There is clearly a lot of interest in lean startups in Charlottesville!

Lean Startup Circle Charlottesville held our first meeting last night and it was a great success, with around 25 people attending.  Our Meetup group is now up to 42+ people, with basically no marketing of the group.

The meeting was held at Hack Cville. Hack Cville launched this summer with 15 projects, and was started by Spencer Ingram. There are mentors and student-run startups working hard in the heart of the UVa “Corner” district. I think we’ll see some great things coming out of there soon!

John Thomas has been the main organizer behind the group, and I’ve been happy to help how I can.  John got a lot of deserved accolades from the group for his kickoff-night presentation, and for sharing his own personal experiences with startups with the group in a candid way.  He’s set the tone for a group really focused on learning.

John tells us a story

John started by telling a story about a failed startup he had.  He just wanted to be better than ebay when he started His minimal research showed small businesses weren’t thriving because of the bigger fees on ebay. So he came up with an “awesome no fee policy” and a list of great features.

After coding for 5 months, finally launched it. Then he found out Amazon had already created something very similar right about that same time.  As a one-man shop he couldn’t compete with Amazon head to head, and so this was really bad news.

Next John decided to create a business plan, and he came up with the obligatory “cha-ching” numbers. To implement this business plan, John decided to code for several more months. When he finally released in 2006, it was as he put it, “tumbleweeds.” No one came to the site, and John realized he had wasted a year of his life.

Learning from our mistakes

I think a lot of the entrepreneurs in the room, myself included, could sympathize with John at this point.

John admitted he fell into a trap that a lot of startups do: “If I love it, then everyone who is like me will love it.” He spoke to no customers in advance, he did a single “big bang” release, and he built way too many features initially.

After graciously confessing his “startup sins”, John talked about the principles of the Lean Startup movement, and gave a great introduction to the concepts espoused by Steve Blank and Eric Ries in their books on Customer Development and the Lean Startup.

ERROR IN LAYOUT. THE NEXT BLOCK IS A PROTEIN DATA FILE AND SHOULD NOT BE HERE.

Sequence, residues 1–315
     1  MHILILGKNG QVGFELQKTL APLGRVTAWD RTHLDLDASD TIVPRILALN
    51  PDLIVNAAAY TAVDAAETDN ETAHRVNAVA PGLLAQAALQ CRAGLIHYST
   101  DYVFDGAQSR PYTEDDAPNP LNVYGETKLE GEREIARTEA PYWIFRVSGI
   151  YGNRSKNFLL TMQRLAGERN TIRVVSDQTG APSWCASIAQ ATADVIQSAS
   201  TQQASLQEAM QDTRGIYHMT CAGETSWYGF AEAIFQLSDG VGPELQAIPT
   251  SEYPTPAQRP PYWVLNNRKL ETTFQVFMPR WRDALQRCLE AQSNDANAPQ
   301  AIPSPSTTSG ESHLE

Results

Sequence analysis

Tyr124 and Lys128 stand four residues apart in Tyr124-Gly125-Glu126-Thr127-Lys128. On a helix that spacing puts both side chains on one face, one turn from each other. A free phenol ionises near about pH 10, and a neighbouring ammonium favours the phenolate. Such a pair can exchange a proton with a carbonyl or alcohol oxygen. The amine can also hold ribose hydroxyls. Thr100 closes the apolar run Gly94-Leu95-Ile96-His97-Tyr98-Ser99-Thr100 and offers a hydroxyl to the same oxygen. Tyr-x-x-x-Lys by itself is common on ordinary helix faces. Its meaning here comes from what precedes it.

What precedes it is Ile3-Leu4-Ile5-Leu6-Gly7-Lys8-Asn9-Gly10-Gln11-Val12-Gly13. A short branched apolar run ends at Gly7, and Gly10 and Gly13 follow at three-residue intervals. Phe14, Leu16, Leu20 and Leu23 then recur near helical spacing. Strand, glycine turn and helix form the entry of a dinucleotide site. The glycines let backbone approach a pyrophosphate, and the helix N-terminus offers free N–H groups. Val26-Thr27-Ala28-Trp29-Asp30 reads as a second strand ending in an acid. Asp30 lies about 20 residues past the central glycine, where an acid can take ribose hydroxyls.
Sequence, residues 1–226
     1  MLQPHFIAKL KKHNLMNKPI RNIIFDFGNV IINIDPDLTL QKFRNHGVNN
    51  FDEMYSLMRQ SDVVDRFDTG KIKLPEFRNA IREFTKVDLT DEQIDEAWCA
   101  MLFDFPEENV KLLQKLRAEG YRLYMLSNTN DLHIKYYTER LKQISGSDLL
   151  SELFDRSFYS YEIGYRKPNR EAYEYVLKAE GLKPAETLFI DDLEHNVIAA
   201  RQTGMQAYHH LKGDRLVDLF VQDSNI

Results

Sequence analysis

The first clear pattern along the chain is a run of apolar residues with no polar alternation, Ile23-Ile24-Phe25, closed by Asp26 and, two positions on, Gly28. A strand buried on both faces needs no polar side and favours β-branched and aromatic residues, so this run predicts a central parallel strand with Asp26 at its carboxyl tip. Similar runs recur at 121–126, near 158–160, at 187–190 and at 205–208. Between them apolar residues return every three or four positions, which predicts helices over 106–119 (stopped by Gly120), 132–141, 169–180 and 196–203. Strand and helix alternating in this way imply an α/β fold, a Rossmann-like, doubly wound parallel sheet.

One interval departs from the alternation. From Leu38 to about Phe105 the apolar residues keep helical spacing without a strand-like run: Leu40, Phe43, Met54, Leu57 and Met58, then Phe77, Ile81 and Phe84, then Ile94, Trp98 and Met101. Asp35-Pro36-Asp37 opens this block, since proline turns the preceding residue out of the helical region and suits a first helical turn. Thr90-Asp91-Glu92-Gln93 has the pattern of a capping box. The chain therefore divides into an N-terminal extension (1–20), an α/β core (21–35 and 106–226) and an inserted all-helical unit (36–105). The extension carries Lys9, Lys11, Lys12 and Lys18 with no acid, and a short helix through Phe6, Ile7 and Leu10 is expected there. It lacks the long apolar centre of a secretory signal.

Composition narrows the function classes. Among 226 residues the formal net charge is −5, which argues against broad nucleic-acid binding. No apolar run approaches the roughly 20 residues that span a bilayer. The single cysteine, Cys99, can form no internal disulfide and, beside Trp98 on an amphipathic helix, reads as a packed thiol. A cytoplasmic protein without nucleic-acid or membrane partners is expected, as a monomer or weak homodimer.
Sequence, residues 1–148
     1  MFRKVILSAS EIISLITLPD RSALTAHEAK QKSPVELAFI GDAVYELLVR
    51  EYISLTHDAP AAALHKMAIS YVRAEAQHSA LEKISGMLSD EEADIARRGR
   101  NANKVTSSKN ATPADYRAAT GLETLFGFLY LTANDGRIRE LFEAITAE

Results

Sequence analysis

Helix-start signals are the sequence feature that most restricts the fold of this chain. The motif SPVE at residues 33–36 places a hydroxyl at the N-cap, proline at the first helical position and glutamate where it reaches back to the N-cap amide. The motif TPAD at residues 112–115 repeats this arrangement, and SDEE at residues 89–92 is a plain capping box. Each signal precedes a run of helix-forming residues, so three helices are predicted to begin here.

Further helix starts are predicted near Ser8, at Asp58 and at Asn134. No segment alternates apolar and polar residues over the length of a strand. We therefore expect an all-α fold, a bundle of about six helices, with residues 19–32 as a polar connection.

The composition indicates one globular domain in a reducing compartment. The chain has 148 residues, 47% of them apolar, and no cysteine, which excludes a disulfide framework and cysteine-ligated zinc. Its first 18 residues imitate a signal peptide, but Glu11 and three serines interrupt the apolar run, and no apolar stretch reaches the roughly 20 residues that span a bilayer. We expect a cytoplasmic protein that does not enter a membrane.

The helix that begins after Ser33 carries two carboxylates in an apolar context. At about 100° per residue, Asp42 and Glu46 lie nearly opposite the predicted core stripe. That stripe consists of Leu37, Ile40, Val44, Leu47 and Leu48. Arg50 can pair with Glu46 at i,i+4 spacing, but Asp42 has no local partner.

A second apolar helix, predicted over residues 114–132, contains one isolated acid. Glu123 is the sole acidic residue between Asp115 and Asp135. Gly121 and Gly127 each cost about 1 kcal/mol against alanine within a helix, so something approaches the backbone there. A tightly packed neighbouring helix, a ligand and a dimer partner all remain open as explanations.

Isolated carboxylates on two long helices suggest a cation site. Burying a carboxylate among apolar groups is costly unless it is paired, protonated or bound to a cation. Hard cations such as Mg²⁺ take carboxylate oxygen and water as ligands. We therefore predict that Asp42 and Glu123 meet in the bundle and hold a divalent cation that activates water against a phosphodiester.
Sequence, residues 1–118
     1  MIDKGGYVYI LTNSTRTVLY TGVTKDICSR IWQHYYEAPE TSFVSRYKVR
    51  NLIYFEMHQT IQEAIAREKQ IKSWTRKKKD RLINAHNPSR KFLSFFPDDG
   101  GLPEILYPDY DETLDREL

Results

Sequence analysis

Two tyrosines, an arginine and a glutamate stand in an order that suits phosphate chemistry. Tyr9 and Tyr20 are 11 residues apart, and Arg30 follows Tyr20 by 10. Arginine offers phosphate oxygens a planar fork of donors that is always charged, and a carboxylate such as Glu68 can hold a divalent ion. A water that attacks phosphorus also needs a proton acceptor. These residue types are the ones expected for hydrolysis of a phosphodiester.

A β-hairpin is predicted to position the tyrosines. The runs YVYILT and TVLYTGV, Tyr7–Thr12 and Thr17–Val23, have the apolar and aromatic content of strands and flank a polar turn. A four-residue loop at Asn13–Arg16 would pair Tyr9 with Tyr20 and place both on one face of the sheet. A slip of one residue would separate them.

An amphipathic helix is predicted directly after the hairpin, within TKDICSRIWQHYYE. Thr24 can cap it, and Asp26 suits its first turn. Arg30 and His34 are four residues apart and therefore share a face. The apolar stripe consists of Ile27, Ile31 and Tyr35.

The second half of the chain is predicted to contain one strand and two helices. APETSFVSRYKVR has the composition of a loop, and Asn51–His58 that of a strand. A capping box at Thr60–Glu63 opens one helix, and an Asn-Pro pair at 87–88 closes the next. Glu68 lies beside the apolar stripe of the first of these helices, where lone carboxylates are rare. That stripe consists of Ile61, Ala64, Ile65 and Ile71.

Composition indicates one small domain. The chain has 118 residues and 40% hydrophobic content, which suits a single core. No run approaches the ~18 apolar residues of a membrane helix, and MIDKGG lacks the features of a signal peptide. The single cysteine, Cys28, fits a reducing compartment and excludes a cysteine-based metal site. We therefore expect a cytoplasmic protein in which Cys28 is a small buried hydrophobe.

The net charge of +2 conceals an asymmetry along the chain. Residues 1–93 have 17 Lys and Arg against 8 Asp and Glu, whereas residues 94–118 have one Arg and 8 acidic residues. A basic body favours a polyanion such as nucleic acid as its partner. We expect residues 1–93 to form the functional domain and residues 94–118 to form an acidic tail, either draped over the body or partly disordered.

John Thomas, Ian Ayers, and Spencer Ingram

The group had a great discussion, and there’s clearly a lot of entrepreneurial knowledge and energy in Charlottesville.

I particularly liked one comment made by Owen: “When you face an extreme amount of uncertainty, it makes sense to do as little work as possible to test those theories.”


John pointed out that to win in startups, you need to move faster than competitors. That means iterating on the business plan as well as the actual software, and getting lots of customer feedback along the way.

Where next?

As John’s intro to lean startups wound down, we started to talk about where we want this group to go and what it should do.  John suggested adhering to a couple of principles:

  1. Startups are not like big businesses
  2. Startup is the search for a sustainable business

Beyond that, we had a great discussion as a group about how best to incorporate case studies from our peers and industry, so that we can learn how to really apply lean startup techniques and not just talk in the abstract.

Next Meeting

Our next meeting will be on Monday October 22nd, from 6:30-8:00 pm at HackCville on 9 Elliewood Avenue in Charlottesville.  Join the Meetup group if you’re interested!  It should be a great meeting and will be part of a big week in Charlottesville leading up to Cville’s 2nd Startup Weekend event.  The lean circle will be talking about lean startup techniques you can apply to get ready for Startup Weekend.